Friday, November 8, 2013

Free Fiction Friday: Isabel, Part Four

Here are parts one, two, and three, if you missed them.

At first, Isabel didn’t think she’d be able to obey his instructions; her whole body had frozen in shock and fear, her skin gone so cold she could feel the warmth of her own sweat beaded across her flesh.  Slowly, though, her arms rose, seemingly under her own volition, above her head. A hand grasped her filthy hair roughly, knocking her hat off, and she couldn’t stifle a cry of pain as he pulled her to her feet and spun her around by the roots of her hair.

Three other men stood watching her, their dark brown faces crinkled into expressions of menace or amusement. She knew those faces; they’d been haunting the few dreams she’d had since leaving the bodies of her guides days before. The poachers.

Isabel swallowed; a useless gesture, since any moisture which had been in her mouth had dried up the minute the gun had been pressed against her neck. “I think there’s been a mistake,” she began, nervously. “I’m just trying to get to the village—I’m a scientist, I’m here to study the plants—”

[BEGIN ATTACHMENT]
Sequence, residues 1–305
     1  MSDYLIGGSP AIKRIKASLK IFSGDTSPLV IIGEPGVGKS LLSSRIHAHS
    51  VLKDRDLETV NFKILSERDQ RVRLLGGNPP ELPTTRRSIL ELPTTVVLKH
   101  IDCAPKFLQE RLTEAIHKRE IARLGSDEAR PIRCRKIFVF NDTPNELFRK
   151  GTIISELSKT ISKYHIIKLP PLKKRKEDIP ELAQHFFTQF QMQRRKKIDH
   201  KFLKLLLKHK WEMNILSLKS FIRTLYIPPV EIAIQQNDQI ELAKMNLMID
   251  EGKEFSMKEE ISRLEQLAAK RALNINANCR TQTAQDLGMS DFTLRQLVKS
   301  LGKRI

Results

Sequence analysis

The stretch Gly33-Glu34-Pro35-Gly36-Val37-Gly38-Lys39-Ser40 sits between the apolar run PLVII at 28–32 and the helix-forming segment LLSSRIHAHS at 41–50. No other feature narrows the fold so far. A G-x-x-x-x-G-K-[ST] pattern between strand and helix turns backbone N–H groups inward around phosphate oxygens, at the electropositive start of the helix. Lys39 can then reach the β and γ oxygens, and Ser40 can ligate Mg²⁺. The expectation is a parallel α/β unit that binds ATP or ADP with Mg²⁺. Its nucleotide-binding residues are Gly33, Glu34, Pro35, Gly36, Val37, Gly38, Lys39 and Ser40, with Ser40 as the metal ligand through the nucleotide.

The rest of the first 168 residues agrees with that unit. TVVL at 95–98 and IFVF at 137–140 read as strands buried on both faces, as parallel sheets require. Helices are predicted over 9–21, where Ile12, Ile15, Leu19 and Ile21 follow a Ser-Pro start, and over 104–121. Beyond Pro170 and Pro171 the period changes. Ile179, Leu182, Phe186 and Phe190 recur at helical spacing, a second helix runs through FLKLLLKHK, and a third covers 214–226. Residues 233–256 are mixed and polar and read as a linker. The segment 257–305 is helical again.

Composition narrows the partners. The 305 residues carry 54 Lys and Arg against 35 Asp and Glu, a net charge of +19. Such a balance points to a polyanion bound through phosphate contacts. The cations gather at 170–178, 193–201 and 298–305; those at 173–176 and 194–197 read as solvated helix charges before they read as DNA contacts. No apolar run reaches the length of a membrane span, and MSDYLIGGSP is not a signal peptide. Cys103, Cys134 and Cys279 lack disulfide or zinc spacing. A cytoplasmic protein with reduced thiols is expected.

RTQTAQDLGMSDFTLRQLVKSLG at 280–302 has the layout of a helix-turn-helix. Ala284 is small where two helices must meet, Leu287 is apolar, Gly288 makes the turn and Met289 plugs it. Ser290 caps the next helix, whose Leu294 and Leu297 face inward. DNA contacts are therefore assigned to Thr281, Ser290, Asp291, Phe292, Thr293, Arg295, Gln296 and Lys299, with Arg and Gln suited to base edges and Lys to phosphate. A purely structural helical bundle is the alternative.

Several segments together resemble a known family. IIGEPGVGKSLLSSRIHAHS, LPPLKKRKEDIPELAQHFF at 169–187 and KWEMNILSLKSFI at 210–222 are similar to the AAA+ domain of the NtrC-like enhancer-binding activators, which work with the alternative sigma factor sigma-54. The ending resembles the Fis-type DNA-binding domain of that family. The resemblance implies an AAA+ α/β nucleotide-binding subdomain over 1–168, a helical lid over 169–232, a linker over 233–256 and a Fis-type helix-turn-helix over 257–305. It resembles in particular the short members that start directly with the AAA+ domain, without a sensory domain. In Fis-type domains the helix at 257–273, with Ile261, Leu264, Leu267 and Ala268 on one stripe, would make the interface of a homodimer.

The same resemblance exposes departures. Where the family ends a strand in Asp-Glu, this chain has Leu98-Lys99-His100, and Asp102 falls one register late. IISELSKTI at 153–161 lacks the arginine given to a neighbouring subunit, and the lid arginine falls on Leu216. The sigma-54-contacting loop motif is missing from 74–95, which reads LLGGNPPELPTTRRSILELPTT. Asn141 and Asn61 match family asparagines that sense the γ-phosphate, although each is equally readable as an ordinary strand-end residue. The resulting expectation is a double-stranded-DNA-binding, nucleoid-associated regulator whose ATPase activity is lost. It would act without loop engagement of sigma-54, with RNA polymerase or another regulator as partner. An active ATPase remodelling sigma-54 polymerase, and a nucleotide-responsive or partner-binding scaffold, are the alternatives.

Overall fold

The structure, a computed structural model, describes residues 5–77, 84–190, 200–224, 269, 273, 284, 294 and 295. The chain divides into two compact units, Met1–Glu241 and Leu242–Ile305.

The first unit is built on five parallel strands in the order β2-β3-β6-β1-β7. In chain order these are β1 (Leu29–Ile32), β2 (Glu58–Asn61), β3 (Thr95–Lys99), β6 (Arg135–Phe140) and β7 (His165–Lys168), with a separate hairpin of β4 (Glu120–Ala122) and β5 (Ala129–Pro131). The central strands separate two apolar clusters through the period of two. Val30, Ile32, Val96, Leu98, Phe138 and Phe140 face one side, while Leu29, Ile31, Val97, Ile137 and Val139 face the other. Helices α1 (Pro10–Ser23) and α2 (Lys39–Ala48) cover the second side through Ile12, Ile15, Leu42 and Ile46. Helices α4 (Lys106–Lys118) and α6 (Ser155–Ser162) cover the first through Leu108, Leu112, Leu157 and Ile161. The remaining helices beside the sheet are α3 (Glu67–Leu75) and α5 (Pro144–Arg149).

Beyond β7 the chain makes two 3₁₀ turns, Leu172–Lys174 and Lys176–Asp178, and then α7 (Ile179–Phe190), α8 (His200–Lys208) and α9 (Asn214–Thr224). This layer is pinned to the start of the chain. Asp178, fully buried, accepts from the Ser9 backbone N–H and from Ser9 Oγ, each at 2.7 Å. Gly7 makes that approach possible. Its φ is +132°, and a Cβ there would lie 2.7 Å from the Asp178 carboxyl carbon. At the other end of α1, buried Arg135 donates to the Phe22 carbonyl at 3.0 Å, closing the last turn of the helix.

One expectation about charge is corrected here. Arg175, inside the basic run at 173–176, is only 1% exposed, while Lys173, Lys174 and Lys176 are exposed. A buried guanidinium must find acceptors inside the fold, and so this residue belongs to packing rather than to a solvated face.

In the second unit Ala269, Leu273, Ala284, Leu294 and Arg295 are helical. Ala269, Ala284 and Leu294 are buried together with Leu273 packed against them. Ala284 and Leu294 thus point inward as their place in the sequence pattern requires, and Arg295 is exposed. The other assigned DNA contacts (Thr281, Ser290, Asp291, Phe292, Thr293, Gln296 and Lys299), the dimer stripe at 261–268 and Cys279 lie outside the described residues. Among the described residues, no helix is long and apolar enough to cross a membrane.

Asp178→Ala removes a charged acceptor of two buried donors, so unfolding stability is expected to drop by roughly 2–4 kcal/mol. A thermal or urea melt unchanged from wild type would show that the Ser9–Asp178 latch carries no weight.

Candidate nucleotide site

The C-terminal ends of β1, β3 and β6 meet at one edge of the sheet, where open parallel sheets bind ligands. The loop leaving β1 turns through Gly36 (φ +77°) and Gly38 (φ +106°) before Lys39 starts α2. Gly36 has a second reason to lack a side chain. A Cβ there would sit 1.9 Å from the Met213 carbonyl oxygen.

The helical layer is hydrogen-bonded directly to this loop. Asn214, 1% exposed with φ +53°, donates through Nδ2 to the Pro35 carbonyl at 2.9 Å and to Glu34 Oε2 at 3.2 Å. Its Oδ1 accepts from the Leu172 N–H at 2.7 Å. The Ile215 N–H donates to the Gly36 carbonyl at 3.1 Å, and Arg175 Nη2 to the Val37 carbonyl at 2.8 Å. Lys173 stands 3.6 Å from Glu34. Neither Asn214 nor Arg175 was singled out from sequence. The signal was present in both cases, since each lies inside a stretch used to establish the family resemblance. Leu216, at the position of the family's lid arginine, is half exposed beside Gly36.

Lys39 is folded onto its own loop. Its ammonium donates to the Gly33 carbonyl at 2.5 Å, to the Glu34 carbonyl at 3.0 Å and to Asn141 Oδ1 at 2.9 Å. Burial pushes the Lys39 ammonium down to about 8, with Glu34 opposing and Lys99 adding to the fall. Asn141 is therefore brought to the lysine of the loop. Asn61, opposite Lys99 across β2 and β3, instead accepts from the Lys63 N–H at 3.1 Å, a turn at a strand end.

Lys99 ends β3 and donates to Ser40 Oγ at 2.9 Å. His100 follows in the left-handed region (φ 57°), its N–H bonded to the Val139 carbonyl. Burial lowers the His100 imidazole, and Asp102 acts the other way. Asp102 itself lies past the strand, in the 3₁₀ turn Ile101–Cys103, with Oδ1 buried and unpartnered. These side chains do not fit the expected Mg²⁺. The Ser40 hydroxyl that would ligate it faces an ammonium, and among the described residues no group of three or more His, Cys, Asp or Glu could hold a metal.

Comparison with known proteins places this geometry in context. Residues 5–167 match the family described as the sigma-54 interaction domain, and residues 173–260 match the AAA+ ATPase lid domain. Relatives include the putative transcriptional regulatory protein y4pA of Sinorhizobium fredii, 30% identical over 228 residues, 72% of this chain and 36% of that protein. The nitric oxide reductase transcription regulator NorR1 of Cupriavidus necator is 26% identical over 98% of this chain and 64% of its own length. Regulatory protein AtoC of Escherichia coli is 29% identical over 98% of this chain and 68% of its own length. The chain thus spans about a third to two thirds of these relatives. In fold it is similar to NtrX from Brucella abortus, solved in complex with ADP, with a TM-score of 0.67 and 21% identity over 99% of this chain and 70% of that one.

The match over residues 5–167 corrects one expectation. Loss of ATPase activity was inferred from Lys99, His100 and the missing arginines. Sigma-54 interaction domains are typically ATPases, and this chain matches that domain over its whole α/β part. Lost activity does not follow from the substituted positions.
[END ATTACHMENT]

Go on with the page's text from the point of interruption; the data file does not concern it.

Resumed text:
The man holding her laughed sharply. “A scientist, eh? And you don’t hire any guides?” The malicious mockery in his voice sent an unexpected surge of rage up through her chest. “Do not play the fool. We know you are with the men we killed.”

“I didn’t see anything,” Isabel lied. “I still…I still haven’t seen anything.” She risked a glance at her captor’s face. “So you can let me go. No one will know about you.”

“That is not my concern,” the poacher said. “I keep the police well-paid. What is my concern…is what you have stolen from me.”


The poacher tightened his grip on her hair, pulling her head close so they were nose-to-nose. “Where is my leopard?”

Not trusting herself to speak, Isabel just widened her eyes and shook her head as much as the poacher’s hold would allow.

“Ah, she plays the fool again,” he said, relaxing his arm so Isabel could take half a step back. “My friend here, Daj—” he pointed with the gun to the man Isabel had seen inspecting the trap earlier “—he is a very talented man. A very talented tracker. He finds your tracks near our trap. He says you are probably nearby, watching. So we pretend to leave, and then follow you when you go. Because we want our leopard.”

“How do you even know there was ever a leopard in the trap?”

“Tracks,” the poacher replied. “And blood. Daj can smell from the blood what animal it comes from. Very talented man.” He paused thoughtfully. “Do you know how much leopard skin costs? Very many dollars, American dollars. So, when we lose leopard, we lose money. We cannot feed our families. And Daj’s wife is pregnant yet again.”